[MUD-Dev] Geometric content generation

Lee Sheldon linearno at gte.net
Wed Oct 10 12:37:22 New Zealand Daylight Time 2001

-----Original Message-----
From:Ola Fosheim Grostad

First, my apologies for not replying to this sooner.

>> One of Chris' more lucid and comprehensible essays, and I'm going
>> to

> The meaning of words get redefined every day. An essay that manage
> to mock science, philosophy and theology just to state that
> grandfathers are able to adapt stories... Lucid???

Heh, well the qualifier "more" is important.  But I still found the
train of reasoning easy to follow.


>> The fact is that story and interactivity/game play have
>> co-existed in the same experience quite happily for centuries.
>> Yet now people have decided there must be some new magical
>> paradigm.  It's a new medium.  All the rules have changed.  No.
>> Sorry.

> Do you have any evidence of this?

I've just returned from a small conference where we discussed
storytelling in games, both solo and multiplayer, and one of many
good discussions touched on the storytelling that surrounds sports.
The fans interact with the players by shouting at them, and getting
waves or various other hand gestures in return.  And everyone, even
the players, create a drama-like storyline as the game progresses in
the best tradition of emergent storytelling.

Beyond that we have participatory theatre from Shakespeare through
"The Rocky Horror Picture Show."

Every time a standup comedian pauses for a laugh she is interacting
with her audience, as well as ad-libbing in response to audience
input, invited or not.  That interaction is a game played by
performer and audience with rules that can even be written down ala
Don Rickles and his Las Vegas shows.

The point is that despite the fact that story and game are obviously
different animals, and despite the fact that they may touch wholly
different parts of our physical brains, nobody (except some game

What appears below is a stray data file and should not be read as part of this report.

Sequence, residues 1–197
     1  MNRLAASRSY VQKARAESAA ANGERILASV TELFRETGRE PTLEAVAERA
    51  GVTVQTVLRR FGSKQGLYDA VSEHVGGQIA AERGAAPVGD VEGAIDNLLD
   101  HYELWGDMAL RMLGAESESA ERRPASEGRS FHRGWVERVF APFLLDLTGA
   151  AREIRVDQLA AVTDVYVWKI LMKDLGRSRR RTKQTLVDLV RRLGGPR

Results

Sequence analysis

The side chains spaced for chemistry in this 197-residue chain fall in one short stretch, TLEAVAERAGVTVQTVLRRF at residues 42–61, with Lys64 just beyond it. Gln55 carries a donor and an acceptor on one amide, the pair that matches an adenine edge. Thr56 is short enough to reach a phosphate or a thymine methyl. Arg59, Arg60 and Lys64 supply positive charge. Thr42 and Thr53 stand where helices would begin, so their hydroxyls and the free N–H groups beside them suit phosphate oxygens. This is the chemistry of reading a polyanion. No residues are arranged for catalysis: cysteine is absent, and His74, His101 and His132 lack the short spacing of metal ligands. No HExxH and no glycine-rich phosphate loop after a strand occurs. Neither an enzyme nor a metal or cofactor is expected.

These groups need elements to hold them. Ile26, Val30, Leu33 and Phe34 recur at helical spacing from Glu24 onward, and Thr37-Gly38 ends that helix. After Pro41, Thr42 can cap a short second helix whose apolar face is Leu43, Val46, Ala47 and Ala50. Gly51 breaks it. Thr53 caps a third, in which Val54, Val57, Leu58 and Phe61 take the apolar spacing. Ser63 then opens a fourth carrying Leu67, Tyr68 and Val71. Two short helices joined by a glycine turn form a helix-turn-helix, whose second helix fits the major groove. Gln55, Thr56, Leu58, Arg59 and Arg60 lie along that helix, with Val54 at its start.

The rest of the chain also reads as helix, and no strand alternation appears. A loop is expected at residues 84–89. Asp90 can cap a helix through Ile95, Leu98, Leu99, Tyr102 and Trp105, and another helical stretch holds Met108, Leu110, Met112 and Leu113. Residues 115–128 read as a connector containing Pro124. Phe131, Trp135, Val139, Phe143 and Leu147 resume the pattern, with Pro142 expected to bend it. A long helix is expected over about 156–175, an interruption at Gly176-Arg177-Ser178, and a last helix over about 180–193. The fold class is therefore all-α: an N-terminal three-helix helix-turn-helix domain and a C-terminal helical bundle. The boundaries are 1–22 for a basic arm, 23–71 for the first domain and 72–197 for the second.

developers) seems particularly eager to reject one in favor of the
other.  We accept both.  The problem arises when one is far superior
to other in an entertainment that attempts to present both.

> Clearly a good storyteller (or speaker) will adapt his story to
> the audience, but that is > a far cry from interactivity.

Many storytellers or speakers tell riveting stories to rapt
audiences without adapting anything.  It's the exact opposite of the
comedians described above.

> Likewise, kids don't need a compelling story to experience one,
> they can create one themselves with just a few hints.  They do it
> everyday in their play. And kids love lousy stories told by their
> heroes (grandfathers included).

To defend grandfathers everywhere... they are practicing an art
forged in the campfires of primitive man.  It is absolutely
interactivity to adjust to audience prompts.  This is at the heart
of computer-based entertainment that relies on a fixed story to
allow players to feel they're affecting the story.  That isn't to
say it doesn't have some significant drawbacks, particularly in
multiplayer, but games continue to do it.

Kids love lousy stories told by their heroes?  I'm not sure I buy
that.  They may love their heroes, and forgive their heroes their
stories, and enjoy the bonding experience -despite- the quality.

>> Adults are different, less flexible imagination, but a
>> charismatic actor can turn a disconnected series of events into a
>> compelling art experience.


>> So, what is the story and what is the surrounding context...? And
>> where is the interactivity?

I've addressed this up above I think.

>> them, no wonder they are so readily swept under the rug.  It
>> reminds me of my days at the California Institute of the Arts
>> where some of the more misguided painters decided that you could
>> tackle abstraction or surrealism without first learning to paint
>> a pear that looks like a pear.  No.  Picasso could tell you that
>> is wrong.  Salvador Dali would sadly pluck at his moustaches.
>> But the question

> There are good graphic designers and visual artists that do not
> know how to draw a pear.

Meaning primitives?  Naifs?  I've certainly never worked with a
graphic designer who couldn't.  It would certain limit one's range.
(I'm not talking about photographers where physical dexterity isn't
an issue.) I can't see asking Grandma Moses to crank out some
designs Richard Hescox didn't have time for.  Although Richard would
be able to flatten perspective and mangle proportions, if a project
required it.

Can you give me some examples of artists I may have heard of?  For
example, I have no idea if Jackson Pollack studied art or just
stepped in a bucket of paint one day by accident, and hit a canvas
while he was shaking his boot off.  But then he didn't work as a
graphic designer, did he?  His work was just incorporated into
graphic design.  Anybody know?

> They probably miss the satisfaction of mastering the skill, but it
> doesn't prevent them from making art.

No, but it may be an additional obstacle to getting a job as a
graphic designer.  Again, can you give me examples?

> Great art is in the eye and mind, not in the hand.

Yes, and I have on my wall a Peruvian rug that proves the point.


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